Sergei Rachmaninoff certainly knew a good tune when he heard it. But recognizing a good tune was simply not enough for him. He frequently took it apart and closely analyzed its contents before reassembling them in new forms and guises. And we all know his extended variation sets on themes by Paganini and Chopin. But Rachmaninoff did not know that his last work for piano solo, the Variations on a Theme of Corelli was actually not based on a Corelli melody. The theme does come from Corelli’s Violin Sonata Op. 5, No. 1, but the tune is an anonymous Portuguese dance probably written during the 16th century. After its premiere in 1931, critics suggested “this new composition will occupy a most important place in the literature, and will be played to death by pianists.” Goes to show that critics are wrong on occasion!
Sergei Rachmaninoff: Variations on a Theme of Corelli, Op. 42
Rachmaninoff not only recognized a good tune, he could write them himself! One of his most memorable tunes emerged in his Fourteen Songs, Op. 34. Published in 1915, the concluding “Vocalise” is written for soprano or tenor voice with piano accompaniment, but it contains no words. Originally composed for Antonina Nezhdanova, this melancholy “song without words” quickly became one of the composer’s best-known works. In fact, it became so popular that Rachmaninoff quickly made arrangements for orchestra, and for soprano and orchestra. Countless imitators have since followed Rachmaninoff ‘s lead and fashioned arrangements ranging from the sublime to the ridiculous.
Sergei Rachmaninoff: “Vocalise” (clarinet)
Hot on the heels of Barry Manilow’s chart busting single “Could it be Magic,” which used a Chopin prelude for inspiration, another angelic-faced bard in serious need of a haircut decided to turn to classical music. His name was Eric Howard Carmen, and he originally hailed from Cleveland, Ohio. After a successful career as a member of the “Raspberries,” Carmen started his solo career with a couple of singles that were built around themes by Sergei Rachmaninoff. “Never Gonna Fall in Love Again” is based on the slow movement of Rachmaninoff’s Symphony No. 2. The song was reasonably successful in the charts and eventually sold more than 500,000 copies.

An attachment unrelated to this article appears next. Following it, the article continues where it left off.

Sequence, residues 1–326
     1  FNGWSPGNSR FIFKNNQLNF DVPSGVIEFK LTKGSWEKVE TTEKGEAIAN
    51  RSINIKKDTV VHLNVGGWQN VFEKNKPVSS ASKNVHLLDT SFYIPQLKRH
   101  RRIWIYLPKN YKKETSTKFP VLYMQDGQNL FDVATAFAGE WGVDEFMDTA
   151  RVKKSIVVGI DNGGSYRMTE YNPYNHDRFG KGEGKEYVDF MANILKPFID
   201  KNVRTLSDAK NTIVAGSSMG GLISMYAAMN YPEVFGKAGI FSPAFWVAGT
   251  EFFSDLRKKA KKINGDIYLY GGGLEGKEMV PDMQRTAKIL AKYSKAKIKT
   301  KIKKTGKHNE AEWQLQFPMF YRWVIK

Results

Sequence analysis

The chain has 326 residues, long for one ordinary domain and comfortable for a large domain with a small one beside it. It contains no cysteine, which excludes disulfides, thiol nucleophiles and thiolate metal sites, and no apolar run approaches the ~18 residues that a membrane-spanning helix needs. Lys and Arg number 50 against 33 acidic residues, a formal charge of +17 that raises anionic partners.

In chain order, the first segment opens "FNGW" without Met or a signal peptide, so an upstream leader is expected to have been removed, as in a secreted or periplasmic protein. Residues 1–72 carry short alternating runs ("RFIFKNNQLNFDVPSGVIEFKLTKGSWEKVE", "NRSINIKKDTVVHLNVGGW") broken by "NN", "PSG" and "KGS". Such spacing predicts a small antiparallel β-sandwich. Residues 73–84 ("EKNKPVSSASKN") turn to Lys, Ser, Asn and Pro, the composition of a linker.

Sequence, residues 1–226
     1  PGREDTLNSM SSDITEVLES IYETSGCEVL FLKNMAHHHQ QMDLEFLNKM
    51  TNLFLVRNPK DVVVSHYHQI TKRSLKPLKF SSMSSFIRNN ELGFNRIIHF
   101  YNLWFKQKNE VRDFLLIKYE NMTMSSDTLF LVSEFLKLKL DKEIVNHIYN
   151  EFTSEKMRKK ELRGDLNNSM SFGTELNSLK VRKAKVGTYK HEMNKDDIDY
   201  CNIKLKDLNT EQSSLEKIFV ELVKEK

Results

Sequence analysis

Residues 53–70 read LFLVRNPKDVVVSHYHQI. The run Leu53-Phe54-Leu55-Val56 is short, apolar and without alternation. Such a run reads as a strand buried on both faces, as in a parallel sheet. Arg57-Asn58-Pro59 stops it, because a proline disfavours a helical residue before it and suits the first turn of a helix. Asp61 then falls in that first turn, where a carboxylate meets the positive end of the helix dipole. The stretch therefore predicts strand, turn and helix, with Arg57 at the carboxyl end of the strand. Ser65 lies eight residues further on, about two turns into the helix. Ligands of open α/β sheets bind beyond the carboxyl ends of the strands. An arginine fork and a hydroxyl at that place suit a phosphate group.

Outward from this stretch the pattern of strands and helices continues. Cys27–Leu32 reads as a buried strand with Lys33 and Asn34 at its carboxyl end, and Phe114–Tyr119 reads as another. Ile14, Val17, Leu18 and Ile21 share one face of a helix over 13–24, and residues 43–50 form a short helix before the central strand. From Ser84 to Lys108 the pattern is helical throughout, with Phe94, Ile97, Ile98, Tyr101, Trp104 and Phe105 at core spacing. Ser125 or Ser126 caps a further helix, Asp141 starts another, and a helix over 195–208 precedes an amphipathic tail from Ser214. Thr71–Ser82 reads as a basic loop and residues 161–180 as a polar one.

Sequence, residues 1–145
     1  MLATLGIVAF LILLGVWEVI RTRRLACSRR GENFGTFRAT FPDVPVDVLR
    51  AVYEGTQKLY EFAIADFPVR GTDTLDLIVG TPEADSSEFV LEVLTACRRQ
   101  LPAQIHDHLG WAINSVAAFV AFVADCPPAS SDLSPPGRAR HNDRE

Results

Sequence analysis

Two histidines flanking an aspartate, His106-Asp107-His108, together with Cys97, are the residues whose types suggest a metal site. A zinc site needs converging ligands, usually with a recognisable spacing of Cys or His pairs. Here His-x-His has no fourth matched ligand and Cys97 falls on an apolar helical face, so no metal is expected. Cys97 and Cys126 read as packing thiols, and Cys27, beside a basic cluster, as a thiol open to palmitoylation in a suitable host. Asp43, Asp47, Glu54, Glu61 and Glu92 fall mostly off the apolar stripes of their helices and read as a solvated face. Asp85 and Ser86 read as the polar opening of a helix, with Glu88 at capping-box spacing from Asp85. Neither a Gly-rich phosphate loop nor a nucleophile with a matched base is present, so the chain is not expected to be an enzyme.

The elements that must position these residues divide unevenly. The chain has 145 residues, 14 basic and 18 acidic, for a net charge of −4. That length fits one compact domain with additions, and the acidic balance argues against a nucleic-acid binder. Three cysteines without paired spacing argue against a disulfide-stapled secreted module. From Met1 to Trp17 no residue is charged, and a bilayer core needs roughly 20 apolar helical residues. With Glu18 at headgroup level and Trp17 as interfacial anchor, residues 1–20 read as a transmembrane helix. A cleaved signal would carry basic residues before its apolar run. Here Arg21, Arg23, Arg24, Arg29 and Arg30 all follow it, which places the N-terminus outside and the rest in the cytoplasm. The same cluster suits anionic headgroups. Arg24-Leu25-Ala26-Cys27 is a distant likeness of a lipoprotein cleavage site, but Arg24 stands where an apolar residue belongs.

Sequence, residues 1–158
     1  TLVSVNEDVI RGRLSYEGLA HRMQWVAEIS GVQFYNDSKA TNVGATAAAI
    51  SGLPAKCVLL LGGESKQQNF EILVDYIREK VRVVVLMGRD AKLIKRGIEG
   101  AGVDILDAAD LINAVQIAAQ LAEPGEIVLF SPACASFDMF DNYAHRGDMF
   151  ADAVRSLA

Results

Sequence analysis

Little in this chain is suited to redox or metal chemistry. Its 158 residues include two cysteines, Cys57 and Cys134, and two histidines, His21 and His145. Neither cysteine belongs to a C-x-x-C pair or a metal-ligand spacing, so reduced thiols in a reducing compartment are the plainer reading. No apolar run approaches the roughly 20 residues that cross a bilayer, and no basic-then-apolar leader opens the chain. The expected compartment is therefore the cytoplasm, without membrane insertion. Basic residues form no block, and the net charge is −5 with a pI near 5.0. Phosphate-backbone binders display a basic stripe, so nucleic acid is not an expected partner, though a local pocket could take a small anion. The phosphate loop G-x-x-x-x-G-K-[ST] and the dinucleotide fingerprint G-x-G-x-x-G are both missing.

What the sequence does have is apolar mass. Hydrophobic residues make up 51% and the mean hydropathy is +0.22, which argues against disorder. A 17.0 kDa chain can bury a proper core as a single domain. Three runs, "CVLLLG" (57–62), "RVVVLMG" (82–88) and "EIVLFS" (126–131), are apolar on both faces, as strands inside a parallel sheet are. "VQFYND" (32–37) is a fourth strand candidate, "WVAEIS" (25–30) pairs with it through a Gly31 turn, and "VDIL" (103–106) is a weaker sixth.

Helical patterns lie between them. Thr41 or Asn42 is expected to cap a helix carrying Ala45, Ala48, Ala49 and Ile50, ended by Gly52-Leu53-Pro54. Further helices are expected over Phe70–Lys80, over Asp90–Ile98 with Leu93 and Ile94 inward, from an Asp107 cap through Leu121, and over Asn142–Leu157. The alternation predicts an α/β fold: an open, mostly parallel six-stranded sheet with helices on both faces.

If “Never Gonna Fall in Love Again” could be called reasonably successful, his initial release “All by Myself,” became an instant classic. The verse is based on the second movement of Rachmaninoff’s Piano Concerto No. 2. It hit number two on the US charts and eventually sold over a million copies. Predictably, Carmen was rather happy, that is, until he got a nasty letter from the Rachmaninoff estate accusing him of plagiarism. The argument of “public domain” did not carry much weight, and both sides eventually agreed that the estate would receive 12 percent of the royalties. Celine Dion recorded one of the most notable versions of this song in 1996. Although highly popular, the cover received mixed reviews ranging from “…crammed with formulaic romantic bombast,” to “trying to out-emote Eric Carmen was almost crazy enough to work.”
Eric Carmen: “All By Myself” (Celine Dion)